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Cry'd, listers! fisters!—Isbame of ladies ! Sisters!
Kent. - ' It is the stars,
Kent. *Well, sir; the poor distressed Lear's ' i'th' town,
Gent. Why, good sir?
I This in italic is omitted by P. and H.
P. and H. omit well, sir.
So the qu's; P. and all after in town.
That stript her from his benediction, turn'd her
His mind fo venemoully, that burning shame
Gent. Alack, poor gentleman!
Kent. Well, fr : I'll bring you to our master Lear,
A Camp .
Enter Cordelia, Phyfcian, and Soldiers.
Cor. Alack, 'tis he; why, he was met even now
b So the qu’s and J.; instead of his mind, P. and the rest read him.
f The qu's read femiter ; the fo's, R. and P. fenitar; H. fumitory, which is only another name for fumiterr; Chaucer has femeterre to signify the fame weed, (see the glossary in Urry's Chaucer) which very nearly agrees with the feeling of the qu's. Lat. fumaria. Miller.
With & burdocks, hemlock, nettles, cuckow flowers,
Phy. There m are means, madam.
power Will close the eye of anguish.
Cor. All blest secrets,
Enter à Messenger.
8 The qu's read hor-docks; the fo's, R. P. T. and W. hardocks; but Heatb says he never heard of such a plant. It is not to be found in Miller.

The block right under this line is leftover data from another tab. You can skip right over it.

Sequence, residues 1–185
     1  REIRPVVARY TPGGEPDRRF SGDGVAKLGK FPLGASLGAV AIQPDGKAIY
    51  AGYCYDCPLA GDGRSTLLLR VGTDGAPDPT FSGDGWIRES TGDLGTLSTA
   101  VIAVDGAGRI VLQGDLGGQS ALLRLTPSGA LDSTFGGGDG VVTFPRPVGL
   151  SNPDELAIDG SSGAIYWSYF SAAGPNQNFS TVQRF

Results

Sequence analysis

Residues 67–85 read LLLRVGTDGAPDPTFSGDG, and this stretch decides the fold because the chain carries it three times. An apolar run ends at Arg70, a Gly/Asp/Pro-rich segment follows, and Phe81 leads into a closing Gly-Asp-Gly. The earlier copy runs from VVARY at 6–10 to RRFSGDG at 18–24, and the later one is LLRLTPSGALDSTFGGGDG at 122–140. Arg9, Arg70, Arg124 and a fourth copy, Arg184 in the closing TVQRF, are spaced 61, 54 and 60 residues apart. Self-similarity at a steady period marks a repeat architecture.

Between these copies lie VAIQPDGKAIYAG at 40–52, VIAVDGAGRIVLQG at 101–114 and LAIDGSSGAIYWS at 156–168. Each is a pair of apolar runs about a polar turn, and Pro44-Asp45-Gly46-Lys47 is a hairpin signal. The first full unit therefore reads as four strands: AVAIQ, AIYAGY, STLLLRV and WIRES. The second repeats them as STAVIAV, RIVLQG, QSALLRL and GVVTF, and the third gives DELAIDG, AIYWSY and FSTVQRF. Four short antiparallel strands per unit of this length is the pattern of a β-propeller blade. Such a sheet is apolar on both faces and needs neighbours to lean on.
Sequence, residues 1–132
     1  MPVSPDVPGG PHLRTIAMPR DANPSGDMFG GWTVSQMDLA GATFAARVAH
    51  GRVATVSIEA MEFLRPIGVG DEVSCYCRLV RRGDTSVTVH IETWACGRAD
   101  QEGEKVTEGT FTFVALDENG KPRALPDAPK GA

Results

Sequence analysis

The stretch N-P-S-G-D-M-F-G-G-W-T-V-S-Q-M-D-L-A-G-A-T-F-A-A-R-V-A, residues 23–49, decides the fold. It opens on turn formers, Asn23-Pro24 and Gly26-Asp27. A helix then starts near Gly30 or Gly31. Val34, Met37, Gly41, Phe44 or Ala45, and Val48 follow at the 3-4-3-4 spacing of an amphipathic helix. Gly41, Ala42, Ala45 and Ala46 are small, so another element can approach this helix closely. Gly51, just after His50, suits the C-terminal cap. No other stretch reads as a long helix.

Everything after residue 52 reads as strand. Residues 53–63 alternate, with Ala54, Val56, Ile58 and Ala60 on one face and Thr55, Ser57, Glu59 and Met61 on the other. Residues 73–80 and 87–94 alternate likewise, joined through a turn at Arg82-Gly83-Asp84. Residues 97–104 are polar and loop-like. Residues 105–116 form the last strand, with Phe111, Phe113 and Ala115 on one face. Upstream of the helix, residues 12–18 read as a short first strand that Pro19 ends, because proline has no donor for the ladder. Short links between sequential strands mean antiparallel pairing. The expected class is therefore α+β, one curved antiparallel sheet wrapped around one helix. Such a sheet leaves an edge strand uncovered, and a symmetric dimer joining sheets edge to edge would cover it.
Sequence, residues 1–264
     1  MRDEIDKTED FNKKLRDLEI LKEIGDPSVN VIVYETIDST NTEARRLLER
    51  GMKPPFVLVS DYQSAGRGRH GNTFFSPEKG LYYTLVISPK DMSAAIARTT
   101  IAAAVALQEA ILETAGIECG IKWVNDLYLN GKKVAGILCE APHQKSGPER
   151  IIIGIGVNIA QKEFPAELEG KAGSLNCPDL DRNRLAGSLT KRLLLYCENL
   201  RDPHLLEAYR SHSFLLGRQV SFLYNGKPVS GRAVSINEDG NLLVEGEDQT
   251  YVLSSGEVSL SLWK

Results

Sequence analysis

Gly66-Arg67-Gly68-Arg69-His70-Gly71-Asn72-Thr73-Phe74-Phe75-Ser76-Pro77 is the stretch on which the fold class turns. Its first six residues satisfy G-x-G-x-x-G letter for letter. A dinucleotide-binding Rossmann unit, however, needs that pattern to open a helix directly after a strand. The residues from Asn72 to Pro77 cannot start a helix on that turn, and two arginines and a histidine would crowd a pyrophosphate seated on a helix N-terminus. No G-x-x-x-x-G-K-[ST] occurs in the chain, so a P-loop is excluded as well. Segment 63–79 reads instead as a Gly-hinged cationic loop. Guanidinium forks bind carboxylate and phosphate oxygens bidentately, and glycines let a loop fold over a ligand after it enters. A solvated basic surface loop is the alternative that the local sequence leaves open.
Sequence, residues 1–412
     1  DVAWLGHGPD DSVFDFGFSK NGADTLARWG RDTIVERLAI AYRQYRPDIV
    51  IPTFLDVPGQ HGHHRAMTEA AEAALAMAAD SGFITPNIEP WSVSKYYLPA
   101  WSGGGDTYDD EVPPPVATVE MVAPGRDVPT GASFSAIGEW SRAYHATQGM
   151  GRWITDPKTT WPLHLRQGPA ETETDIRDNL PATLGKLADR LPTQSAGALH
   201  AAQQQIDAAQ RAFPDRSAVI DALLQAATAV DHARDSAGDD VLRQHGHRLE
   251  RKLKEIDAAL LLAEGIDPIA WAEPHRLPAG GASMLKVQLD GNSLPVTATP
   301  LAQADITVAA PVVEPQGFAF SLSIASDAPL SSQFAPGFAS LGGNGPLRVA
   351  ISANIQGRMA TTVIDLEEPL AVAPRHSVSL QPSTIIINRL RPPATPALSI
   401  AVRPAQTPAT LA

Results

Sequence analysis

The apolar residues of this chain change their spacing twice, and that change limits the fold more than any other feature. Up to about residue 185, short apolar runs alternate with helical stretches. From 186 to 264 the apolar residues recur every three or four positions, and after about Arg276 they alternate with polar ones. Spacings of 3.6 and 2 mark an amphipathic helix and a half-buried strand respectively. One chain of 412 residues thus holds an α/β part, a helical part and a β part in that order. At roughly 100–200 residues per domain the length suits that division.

Bur dock frequently grows among corn, and is most likely to be what Shakespeare means.
J. reads nettle. 1 The qu's read a century is sent forth; P. T. H. and W. fend forth a sent'rg. J. spells the word sentry.
§ After wisdom the 2d q. reads do. I The qu's read can belp him.
The fo's and qu's read is for are. * J. reads remediant, as no other edition. For difirefs, the three firdt fo's read desires; the 4th and R. desire.
Cor. 'Tis known before. Our preparation stands
O dear father,
5 S CE N E
Enter Regan and Steward.
Reg. But are my brother's powers set forth?
Stew. Madam, with much ado.
Reg. Lord Edmund spake not with your u lord at home?
P Important, as in other places in this author, for importunate. J. The fo's and R. read importun'd.
9 The il q. reads in sight; the 2d insite.
u So the fo's and R.; the qu's and the rest read lady; and J. says lady is the better reading : but why? The second scene of this act, to which this pallage molt probably refers, will clear this matter up. 7
It was great ignorance, Glo'ster's eyes being out,
w Edmund, I think, is gone,
Stew. I must needs after him, madam, with my y letter.
Reg. Our troops set forth to-morrow ; stay with us;
Stew. I may not, madam ;
Reg. Why should she write to Edmund ? might not you
Something-I know not what I'll love thee much Let me unseal the letter.
Stew. Madam, I had rather
Reg. I know your lady does not love her husband;
Stew. I, madam ?
" The qu's read and now I think is gone.
The fo's and R. read some things. tw.omits strange.
• The qu's read aliads; the 1st f. Eliads; the other fo's Iliads. Delinds, glances; Fr. allades. The emendation is R.’s.
d So the fo's; R.'s octavo you're; all after you are ; the qu's read for I know's.